You gotta love this Jimmy Kimmel Live spoof (I think it's a spoof!) of the Occupy Wall Street protests in New York and around the country:
Guy with megaphone: What do we want?
Crowd: We aren't really sure!
Guy with megaphone: When do we want it?
Crowd: We want it now!
Genuine interviews I've seen with these protesters indicate the same high level of intellectual heft. In fact, Occupy Wall Street is so inane that it has almost the pantheon of the celebrity left (Susan Sarandon, Alec Baldwin, Michael Moore, Roseanne Barr, Yoko Ono, etc.) "speaking out" in its behalf.
Yeah–it's funny. But it's big ideas writ large and the ideas are those of the American left. If you want to see how truly confused and ignorant of economic reality the left is, listen to Occupy Wall Street. Abe Greenwald of Commentary captures their "intellectual dyslexia:"
The self-demonizing millionaires and state-worshipping police haters barely scratch the surface of the ideological dyslexia at work. One Occupy Wall Street member's proposed "list of demands" calls first for nativist "trade tariffs on all imported goods entering the American market," and then for one-worldist "open borders migration," so that "anyone can travel anywhere to work and live."
The document, like the motivation behind it, is a hodgepodge of paranoia, entitlement, self-pity, self-righteousness, class warfare, and economic illiteracy. If this spotty protest moment becomes broad-based and loud the thorough airing of modern-day leftism will prove to be a conservative's election-year dream come true.
David Freddoso, who has penned an open letter to Occupy Wall Street, seems to concur that this protest isn't going to endear the left to Americans who have real jobs, or those who aspire to having real jobs:
What I mean is that if 99 percent of Americans actually sympathized with your cause, the entire nation's economy would have collapsed long ago — apparently to the delight of the organizers of this current protest.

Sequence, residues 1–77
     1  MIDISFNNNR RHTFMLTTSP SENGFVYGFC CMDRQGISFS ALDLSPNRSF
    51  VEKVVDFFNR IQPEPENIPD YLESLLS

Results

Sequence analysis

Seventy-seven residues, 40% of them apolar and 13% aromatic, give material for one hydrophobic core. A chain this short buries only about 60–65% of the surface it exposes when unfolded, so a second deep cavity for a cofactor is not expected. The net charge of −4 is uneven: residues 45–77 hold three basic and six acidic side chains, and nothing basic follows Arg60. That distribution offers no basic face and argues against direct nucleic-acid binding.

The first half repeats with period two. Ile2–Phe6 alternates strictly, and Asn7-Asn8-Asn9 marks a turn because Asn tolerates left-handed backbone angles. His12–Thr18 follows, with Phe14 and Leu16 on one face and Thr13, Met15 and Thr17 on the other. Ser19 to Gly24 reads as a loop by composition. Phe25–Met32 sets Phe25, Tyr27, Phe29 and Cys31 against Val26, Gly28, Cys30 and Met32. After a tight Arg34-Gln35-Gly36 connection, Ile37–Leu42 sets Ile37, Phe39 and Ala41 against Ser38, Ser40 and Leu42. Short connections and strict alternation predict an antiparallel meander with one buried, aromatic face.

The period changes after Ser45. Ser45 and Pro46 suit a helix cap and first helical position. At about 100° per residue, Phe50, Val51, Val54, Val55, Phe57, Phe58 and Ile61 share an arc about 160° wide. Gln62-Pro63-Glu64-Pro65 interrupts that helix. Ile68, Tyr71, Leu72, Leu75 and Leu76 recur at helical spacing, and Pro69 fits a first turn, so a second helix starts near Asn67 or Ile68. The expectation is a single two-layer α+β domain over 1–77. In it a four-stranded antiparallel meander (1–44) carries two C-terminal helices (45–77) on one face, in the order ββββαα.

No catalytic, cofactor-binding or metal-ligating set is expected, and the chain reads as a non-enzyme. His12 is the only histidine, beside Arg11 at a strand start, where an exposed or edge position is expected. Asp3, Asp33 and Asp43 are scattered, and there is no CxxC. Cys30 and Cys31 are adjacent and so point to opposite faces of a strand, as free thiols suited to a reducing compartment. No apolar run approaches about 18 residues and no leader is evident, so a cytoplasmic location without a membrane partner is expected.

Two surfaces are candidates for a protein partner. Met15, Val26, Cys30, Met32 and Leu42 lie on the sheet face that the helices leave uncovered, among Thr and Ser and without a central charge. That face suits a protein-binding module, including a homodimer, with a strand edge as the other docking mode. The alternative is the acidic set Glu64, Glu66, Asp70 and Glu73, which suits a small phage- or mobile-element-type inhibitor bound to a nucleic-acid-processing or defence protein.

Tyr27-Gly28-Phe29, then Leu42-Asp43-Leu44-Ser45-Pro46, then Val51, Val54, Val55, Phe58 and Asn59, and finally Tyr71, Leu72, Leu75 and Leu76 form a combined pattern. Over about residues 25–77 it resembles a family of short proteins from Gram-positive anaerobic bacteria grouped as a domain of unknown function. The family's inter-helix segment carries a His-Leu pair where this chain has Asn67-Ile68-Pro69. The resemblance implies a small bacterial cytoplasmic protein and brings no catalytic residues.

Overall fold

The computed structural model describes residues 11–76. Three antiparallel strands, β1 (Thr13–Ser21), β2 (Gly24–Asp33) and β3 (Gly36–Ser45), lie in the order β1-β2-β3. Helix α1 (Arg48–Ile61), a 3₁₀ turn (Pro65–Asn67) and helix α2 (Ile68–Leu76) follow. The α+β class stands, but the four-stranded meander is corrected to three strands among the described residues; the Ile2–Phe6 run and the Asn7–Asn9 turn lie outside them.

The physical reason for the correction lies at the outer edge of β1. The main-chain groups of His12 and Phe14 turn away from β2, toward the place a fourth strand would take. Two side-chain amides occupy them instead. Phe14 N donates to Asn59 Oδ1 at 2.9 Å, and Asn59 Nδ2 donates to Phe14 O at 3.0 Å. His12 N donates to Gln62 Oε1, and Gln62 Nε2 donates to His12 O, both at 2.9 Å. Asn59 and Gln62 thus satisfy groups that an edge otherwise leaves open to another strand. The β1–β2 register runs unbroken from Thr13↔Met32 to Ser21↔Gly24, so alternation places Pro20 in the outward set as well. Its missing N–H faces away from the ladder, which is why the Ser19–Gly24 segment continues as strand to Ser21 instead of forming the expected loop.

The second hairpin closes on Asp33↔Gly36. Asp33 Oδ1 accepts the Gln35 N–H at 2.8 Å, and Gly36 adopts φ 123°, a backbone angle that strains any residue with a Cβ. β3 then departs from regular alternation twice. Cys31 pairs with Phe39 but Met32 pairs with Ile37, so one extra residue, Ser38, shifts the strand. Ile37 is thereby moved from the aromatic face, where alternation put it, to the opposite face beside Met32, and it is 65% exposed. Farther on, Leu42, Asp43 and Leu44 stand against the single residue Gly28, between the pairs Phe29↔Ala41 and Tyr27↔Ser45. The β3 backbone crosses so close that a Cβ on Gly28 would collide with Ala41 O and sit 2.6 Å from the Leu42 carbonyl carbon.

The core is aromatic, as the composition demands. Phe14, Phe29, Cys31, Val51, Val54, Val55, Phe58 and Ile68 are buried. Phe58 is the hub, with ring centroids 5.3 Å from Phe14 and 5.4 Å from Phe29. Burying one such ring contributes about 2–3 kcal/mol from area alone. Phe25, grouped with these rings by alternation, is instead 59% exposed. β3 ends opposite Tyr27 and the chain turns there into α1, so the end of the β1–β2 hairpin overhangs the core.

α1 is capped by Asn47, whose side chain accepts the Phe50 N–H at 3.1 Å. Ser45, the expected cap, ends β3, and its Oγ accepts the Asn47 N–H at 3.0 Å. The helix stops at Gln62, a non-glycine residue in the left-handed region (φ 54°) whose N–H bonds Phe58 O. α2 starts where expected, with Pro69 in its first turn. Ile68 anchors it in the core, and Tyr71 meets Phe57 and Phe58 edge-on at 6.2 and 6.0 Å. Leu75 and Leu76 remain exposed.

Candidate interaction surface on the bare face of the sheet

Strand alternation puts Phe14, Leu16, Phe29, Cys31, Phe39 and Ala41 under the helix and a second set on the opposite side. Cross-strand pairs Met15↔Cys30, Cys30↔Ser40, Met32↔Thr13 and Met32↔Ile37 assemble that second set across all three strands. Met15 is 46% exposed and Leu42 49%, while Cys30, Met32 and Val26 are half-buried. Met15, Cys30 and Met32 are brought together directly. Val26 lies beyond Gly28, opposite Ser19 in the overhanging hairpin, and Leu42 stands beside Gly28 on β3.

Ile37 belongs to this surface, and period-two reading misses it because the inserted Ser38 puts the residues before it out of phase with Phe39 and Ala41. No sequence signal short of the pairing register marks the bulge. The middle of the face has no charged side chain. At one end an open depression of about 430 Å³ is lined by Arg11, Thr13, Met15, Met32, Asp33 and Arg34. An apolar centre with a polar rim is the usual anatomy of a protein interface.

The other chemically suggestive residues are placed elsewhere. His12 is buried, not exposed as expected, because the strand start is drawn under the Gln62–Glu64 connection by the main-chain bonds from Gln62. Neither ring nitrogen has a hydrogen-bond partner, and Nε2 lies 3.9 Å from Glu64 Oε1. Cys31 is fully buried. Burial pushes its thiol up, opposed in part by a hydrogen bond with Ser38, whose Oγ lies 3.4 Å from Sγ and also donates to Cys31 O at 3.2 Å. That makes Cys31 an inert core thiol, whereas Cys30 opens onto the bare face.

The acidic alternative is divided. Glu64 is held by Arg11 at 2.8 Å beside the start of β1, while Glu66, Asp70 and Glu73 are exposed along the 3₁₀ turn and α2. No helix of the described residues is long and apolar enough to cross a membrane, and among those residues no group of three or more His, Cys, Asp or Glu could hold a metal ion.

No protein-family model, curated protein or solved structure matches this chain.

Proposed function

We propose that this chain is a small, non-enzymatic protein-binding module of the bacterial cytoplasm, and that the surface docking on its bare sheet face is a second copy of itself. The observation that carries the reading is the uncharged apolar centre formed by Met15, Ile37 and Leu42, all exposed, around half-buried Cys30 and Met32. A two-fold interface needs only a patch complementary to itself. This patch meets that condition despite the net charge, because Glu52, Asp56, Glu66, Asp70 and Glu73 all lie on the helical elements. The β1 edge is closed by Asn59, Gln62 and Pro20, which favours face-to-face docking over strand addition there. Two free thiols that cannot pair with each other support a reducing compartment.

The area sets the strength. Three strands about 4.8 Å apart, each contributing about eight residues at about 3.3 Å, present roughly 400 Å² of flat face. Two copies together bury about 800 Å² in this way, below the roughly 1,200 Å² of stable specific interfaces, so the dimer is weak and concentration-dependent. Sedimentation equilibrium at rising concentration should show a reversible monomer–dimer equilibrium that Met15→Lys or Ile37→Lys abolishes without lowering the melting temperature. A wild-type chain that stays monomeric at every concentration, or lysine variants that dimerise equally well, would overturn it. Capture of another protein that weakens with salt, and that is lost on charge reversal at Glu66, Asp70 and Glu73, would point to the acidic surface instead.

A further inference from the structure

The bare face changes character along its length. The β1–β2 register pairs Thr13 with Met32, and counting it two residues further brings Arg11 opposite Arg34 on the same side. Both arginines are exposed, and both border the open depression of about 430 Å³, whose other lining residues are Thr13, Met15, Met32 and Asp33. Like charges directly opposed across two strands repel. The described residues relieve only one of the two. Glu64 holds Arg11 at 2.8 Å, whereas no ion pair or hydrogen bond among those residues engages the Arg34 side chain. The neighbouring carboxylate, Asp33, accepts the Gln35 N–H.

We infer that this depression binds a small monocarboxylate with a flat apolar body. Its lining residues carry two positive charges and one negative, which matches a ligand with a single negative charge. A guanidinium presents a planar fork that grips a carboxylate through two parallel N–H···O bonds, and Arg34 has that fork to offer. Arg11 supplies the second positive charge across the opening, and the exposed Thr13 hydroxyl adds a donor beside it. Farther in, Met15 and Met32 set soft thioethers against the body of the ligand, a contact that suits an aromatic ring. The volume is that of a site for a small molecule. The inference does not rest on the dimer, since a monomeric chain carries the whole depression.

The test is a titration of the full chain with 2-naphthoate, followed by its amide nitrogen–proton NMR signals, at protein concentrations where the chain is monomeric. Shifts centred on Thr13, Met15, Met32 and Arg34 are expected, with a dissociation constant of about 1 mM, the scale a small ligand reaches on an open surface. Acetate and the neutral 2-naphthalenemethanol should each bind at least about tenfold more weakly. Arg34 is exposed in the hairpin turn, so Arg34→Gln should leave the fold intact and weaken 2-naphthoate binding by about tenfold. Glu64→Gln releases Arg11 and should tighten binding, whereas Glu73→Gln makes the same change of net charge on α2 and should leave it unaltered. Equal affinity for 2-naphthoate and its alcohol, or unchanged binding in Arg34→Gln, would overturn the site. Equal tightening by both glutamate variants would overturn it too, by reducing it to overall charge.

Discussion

What I mean to say is, you have a marketing problem.
When you decided to sit in traffic and block the Brooklyn Bridge a few days ago, with that blazing pink "SMASH PATRIARCHY-SMASH CAPITALISM" sign in hand, you probably didn't see the regular people you stranded in traffic.
You know, the ones with real-world concerns, business to attend to, families to go home to, et cetera. You may have read about such people during college in a book called "The Petit Bourgeoisie," or something like that. Many of us grew up calling them "the middle class."
Whatever you call them, they are hurting badly in this economy, probably more than you are. (I'm just judging by that sweet digital video camera I see you holding out in front of the cops, in hopes of provoking them into a viral-video police brutality incident.)
Those people you left stuck in traffic have a hard time paying their bills and rents and health insurance and mortgages. They worry about things like finding decent schools for their children to attend and making sure they don't get fired at work, and fixing leaking roofs and chimneys.
You know what they don't worry about, ever? Smashing patriarchy and capitalism.
Occupy, by the way, has been described as the tea party of the left.
I leave it to you to decide which is the more serious.